I’ve told you guys  the story behind the story of my Patrick Flint novels, HERE. Now, I’m ready to share the story behind the story of SWITCHBACK. Bonus: you can read the story behind the story of SNAKE OIL, HERE.

(If you have been following me for any length of time, you’ll now that a) that’s a picture of my husband Eric b) that’s a 2016 Texas truck, which doesn’t match SWITCHBACK 😉 and c) that I don’t care — this image has been the most successful solo-book Facebook ad I’ve ever run — bring on more Eric!!)

When I sat down to write my Fagan-family-inspired series, I started with four characters I knew well (Patrick, Susanne, Trish, and Perry), a Wyoming past (and present) that shaped my life, a fondness for the 70s in the throwback state, AND a collection of hilarious/endearing/mortifying stories from my dad’s life that I wanted to build stories around. I zeroed in on a couple for SWITCHBACK:

  1. Young doc subbing for vet (without his foreknowledge): my dad has great stories about subbing for the vet and how that shaped him as a doctor (and amateur vet). Yes, it was a complete surprise the first time he was called in in the middle of the night. And the lab tech, Wes, is 100% real — only his name has changed.
  2. Chris LeDoux cameo: dad treated Chris over and over for the same broken ankle, never knowing he was the national champ saddle bronc rider at the time, and boy did he lecture him about chipping off his cast every week to ride.
  3. Family camping/hiking trips: the staple of my childhood, always involving far more physical activity than we thought we were capable of. My active imagination conjured murder and mayhem at every turn. And, my dad did take us hunting when we were very young. I did shoot an antelope (and we ate it for quite some time) and learn to have respect for where food comes from, healthy living, and the gift of the balance between man and nature. And my father never did get a bighorn sheep (yay! I never wanted him to!).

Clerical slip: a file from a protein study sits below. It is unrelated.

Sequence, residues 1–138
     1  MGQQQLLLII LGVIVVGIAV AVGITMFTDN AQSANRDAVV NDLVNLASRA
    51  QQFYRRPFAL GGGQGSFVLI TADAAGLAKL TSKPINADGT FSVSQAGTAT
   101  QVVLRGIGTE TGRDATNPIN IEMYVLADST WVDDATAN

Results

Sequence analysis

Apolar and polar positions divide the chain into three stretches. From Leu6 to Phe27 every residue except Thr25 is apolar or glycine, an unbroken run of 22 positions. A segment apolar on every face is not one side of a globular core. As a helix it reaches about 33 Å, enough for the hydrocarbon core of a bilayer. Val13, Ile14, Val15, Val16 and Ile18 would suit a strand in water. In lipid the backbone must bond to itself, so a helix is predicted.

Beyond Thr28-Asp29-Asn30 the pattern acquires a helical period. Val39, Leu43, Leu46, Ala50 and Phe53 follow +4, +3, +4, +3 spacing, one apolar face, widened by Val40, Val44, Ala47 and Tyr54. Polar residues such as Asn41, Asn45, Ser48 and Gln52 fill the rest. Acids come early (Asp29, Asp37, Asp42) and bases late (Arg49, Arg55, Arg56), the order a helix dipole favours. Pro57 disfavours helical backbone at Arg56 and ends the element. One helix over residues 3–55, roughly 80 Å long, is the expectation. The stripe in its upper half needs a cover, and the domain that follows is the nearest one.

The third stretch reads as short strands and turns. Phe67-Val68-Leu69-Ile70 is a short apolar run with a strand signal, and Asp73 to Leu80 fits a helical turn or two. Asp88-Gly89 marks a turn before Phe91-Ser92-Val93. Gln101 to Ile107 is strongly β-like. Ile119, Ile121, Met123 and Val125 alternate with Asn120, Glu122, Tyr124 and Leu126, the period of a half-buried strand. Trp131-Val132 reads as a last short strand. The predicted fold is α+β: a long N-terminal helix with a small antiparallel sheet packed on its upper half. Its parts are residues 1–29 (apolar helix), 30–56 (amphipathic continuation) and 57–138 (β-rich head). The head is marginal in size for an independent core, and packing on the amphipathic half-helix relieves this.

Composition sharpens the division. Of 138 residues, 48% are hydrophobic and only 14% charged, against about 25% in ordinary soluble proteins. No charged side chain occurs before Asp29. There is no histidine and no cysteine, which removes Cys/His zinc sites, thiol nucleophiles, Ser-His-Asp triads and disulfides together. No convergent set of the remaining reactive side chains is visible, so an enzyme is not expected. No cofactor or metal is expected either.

4. Animals: I tried to throw in some favorites from past and present, equine and canine.
  5. And the biggie: the plot is based on a real event in the Bighorns from a few years back, where some out of state hunters accidentally took the preferred elk hunting camp site of local (crazy) brothers, who came back and slaughtered them. It happened not too far from where I set the book. But it did not happen to my family IRL. I promise. We’re all okay.

As for the rest: yes, my brother did sleep on horses, I was a bookworm (and bratty, bratty teen), my mother did hate Wyoming, and my dad, well, he was and is always this cross between amazing and amusing!

If you have any particular questions about what is and isn’t real in the book, give me a shout. I love talking about it.

Blessings,

p.s. you can get the Patrick Flint books in audio, paperback, or ebook.

 

 

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